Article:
Phase I
  Phase II
  Phase III
  Phase IV


Gottfried Benn (1886-1956) invited his readers time and again to grasp his person and works in terms of often irreconcilable dichotomies.  The titles of his autobiographical sketch, "Doppelleben" ("Double-Life") along with his 1954 poem "Teils-Teils", illustrate Benn's sense of a divided self -- a recurring theme throughout Benn's literary corpus.  Critics such as Hans Egon Holthusen and Günter Blöcker have grasped onto this notion of oppositions as an elemental aspect of understanding Benn:  his parentage (German father and French-Swiss mother), his career choices (medical doctor and poet), his personality (socialite and loner) and perhaps most provocatively his wavering political stance.  As much as this dialectical view serves to describe Benn's exceptional life and choices, it also aptly characterizes the way in which he apprehended his world.  That is, an "einerseits -- andererseits Struktur" ("on-one-hand on-the-other-hand structure") -- to use Benn's terms -- also fittingly describes Benn's approach to his objects of inquiry.

Perhaps it is no coincidence then that twentieth-century Berlin, a city of simulating oppositions and irreconcilable contradictions, would entice Benn as a young student in 1905 and captivate him until his death in 1956. Berlin's eclecticism and dynamism became the spark for Benn's creative growth.  Its compelling residents and venues gave rise to extraordinary verse, whose sense, rhythms and emotion preserve for us the qualities of a Berlin uniquely known to Benn.  Yet, in addition to serving as the object and inspiration of Benn's aesthetic, Berlin was also a space within which Benn would react, change and grow as a thinker.  For example, its newspapers and radio became a forum through which Benn would experience -- and participate in -- Berlin's cultural, social and political evolution.  Therefore, Benn must be regarded as an extraordinary chronicler of a half of a century of Berlin's tumultuous history, both through the poems which capture its life, and in the traces of his continually transforming persona.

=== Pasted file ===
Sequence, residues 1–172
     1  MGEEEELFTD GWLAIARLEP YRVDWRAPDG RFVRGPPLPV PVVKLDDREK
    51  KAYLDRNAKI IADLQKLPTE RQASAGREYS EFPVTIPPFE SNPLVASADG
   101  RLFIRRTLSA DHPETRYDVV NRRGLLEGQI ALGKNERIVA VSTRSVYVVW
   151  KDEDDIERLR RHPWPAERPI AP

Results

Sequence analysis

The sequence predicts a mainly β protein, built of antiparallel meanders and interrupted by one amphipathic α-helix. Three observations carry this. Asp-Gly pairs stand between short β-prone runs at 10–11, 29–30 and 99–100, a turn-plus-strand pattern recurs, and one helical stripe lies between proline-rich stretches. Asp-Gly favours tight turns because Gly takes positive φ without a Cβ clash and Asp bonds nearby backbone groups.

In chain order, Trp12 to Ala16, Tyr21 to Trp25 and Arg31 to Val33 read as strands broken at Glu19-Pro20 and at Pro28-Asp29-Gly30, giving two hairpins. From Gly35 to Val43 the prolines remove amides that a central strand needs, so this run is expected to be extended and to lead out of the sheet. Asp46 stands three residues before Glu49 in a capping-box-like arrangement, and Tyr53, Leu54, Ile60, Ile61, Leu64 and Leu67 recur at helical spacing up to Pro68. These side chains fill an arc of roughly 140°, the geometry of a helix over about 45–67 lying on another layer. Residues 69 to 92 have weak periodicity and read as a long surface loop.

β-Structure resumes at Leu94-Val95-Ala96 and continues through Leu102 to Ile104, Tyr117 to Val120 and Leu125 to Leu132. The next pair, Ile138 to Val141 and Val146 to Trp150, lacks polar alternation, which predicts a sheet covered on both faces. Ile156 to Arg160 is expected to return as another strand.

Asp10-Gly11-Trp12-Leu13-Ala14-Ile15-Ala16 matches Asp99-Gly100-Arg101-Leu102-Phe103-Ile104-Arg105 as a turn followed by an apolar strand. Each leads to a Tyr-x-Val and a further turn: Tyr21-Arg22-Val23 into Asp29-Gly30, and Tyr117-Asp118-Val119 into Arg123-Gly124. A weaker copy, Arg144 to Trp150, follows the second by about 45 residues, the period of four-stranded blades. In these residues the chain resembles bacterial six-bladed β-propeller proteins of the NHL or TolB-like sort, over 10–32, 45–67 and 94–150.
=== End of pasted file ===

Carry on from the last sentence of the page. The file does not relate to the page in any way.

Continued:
This link aims to broaden our understanding of Berlin's cultural, political and social development in the early twentieth century, by tracing a single man's encounters with the city -- its institutions, residents and spirit.  As illustrated in the table of contents below, I pinpoint significant locations for Gottfried Benn, in an attempt to reconstruct the ways that these Berlin spaces were rendered by -- and gave form to -- Benn's work and life.  This includes evaluating the extent to which critical readings of Benn, as a man of contrasts, might serve us in helping to understand his particular relationship with this city.  In so doing, I will reveal the ways that Benn, by accompanying us to sites scarcely explored in traditional chronicles of Berlin's history, contributes in unique and invaluable ways to our understanding of this vibrant and complex city.

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